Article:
Class of 2022

    Class of 2022 on the last day of didactic year, excited to transition from “Zoom School” to clinical rotations

    The Class of 2022 is currently in their clinical year and just began their eighth rotation. Students complete a total of ten rotations, eight of which are required to be in Primary Care 1 & 2, Behavioral Medicine, Internal Medicine 1 & 2, Principles of Surgery, Emergency Medicine, Pediatrics, Obstetrics & Gynecology, and an individual research project to expand their understanding of evidence-based practice. Based on their interests, students choose two elective rotations from an extensive list of specialty and subspecialty options. During this academic year, the Class of 2022 has been at the frontlines of COVID while working in the ED, the ICU, or in admitting teams of the hospitals. Each month, at the end of their rotation, they return to campus to participate in Call Back days and evaluation exercises as part of the Senior Seminar course. The Class of 2022 will graduate in August of this year.

    After a year of virtual learning, the Class of 2022 celebrated the end of didactic year with their first class-wide face-to-face summer event.

     

    Class of 2023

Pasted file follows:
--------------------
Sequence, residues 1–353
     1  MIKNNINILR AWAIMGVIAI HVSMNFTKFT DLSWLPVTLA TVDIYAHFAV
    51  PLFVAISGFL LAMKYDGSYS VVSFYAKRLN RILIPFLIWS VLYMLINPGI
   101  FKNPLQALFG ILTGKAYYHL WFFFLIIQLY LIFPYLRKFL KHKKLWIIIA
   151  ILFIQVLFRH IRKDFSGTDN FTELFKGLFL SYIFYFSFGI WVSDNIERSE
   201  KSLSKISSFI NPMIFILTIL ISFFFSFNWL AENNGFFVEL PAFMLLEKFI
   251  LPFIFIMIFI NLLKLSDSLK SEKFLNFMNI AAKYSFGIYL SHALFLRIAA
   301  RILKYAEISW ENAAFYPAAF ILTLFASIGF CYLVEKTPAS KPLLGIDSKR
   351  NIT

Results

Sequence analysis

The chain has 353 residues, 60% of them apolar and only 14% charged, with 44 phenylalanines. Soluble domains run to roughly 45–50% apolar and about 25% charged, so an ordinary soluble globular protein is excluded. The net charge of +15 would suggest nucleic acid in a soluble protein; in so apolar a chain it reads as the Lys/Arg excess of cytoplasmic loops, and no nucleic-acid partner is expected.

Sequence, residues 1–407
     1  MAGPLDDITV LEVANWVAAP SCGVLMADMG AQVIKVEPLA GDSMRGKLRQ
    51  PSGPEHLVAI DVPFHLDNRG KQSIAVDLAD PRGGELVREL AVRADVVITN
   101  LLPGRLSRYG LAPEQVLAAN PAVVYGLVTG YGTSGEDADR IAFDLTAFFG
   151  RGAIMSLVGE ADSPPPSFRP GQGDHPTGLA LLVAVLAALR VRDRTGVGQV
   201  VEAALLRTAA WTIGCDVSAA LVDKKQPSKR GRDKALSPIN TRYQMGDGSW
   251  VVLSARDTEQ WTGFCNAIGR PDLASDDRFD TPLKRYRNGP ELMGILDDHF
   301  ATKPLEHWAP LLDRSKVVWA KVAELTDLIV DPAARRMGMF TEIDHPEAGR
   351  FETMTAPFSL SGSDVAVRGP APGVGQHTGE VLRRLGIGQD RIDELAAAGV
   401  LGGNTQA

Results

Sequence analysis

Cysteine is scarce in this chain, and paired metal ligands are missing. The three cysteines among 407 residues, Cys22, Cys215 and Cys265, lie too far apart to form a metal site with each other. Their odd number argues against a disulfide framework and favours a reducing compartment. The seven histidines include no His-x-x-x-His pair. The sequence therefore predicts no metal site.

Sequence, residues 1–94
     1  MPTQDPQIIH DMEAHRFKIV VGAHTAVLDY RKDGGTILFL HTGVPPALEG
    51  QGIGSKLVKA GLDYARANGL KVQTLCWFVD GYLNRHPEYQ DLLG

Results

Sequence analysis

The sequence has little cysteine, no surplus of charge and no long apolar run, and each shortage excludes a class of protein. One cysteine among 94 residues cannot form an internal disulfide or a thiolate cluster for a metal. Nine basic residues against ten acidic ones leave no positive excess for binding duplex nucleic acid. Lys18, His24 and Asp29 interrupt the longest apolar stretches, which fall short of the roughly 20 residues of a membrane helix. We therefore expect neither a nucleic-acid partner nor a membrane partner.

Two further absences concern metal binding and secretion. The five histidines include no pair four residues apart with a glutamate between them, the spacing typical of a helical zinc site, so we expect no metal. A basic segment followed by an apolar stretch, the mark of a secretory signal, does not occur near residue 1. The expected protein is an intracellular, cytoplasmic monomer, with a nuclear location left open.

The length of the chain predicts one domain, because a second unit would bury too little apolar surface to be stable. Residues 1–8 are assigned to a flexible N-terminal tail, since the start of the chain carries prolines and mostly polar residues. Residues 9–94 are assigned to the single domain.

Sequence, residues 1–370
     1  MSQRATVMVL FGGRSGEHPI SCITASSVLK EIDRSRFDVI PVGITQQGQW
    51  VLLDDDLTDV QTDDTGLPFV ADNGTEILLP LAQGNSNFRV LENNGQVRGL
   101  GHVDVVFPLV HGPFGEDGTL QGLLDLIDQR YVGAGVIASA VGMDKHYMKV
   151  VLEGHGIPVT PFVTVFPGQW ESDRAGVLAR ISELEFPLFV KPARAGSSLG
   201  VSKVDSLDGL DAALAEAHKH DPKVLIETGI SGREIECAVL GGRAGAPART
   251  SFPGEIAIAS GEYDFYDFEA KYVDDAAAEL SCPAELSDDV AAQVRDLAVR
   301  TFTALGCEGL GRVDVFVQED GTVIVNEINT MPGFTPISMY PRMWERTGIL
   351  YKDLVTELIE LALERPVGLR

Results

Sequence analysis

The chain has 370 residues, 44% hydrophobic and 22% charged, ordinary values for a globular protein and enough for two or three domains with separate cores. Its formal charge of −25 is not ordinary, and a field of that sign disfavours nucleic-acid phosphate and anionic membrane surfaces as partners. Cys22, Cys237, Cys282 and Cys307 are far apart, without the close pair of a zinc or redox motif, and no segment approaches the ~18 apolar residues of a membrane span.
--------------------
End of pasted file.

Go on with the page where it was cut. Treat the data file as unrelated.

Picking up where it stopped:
The Class of 2023 is well into their spring semester with courses including Practice and the Health System II, Diagnostic Methods II, Pharmacology II, Medical Spanish, Fundamentals of Surgery, Clinical Medicine II, and Patient Assessment and Counseling II. This semester, students have a number of opportunities to apply what they are learning in the classroom through hands-on experiences. They are practicing physical exam skills and oral presentations during standardized patient encounters. Under the supervision of clinicians working in the Duke University Health System, students conduct clinical assessments in the inpatient setting and practice writing medical summaries. To complement their surgery course, the class works in small groups practicing in-office procedures, diagnostic labs and specimen collection, suturing skills, phlebotomy, and IV placement. At Duke’s Surgical Education and Activities Lab (SEAL) and Human Fresh Tissue Lab (HFTL), they gain hands-on experiences in robotic surgery, simulated emergency scenarios, and procedures including bronchoscopy, central line placement, point-of-care ultrasound, and arthroscopy.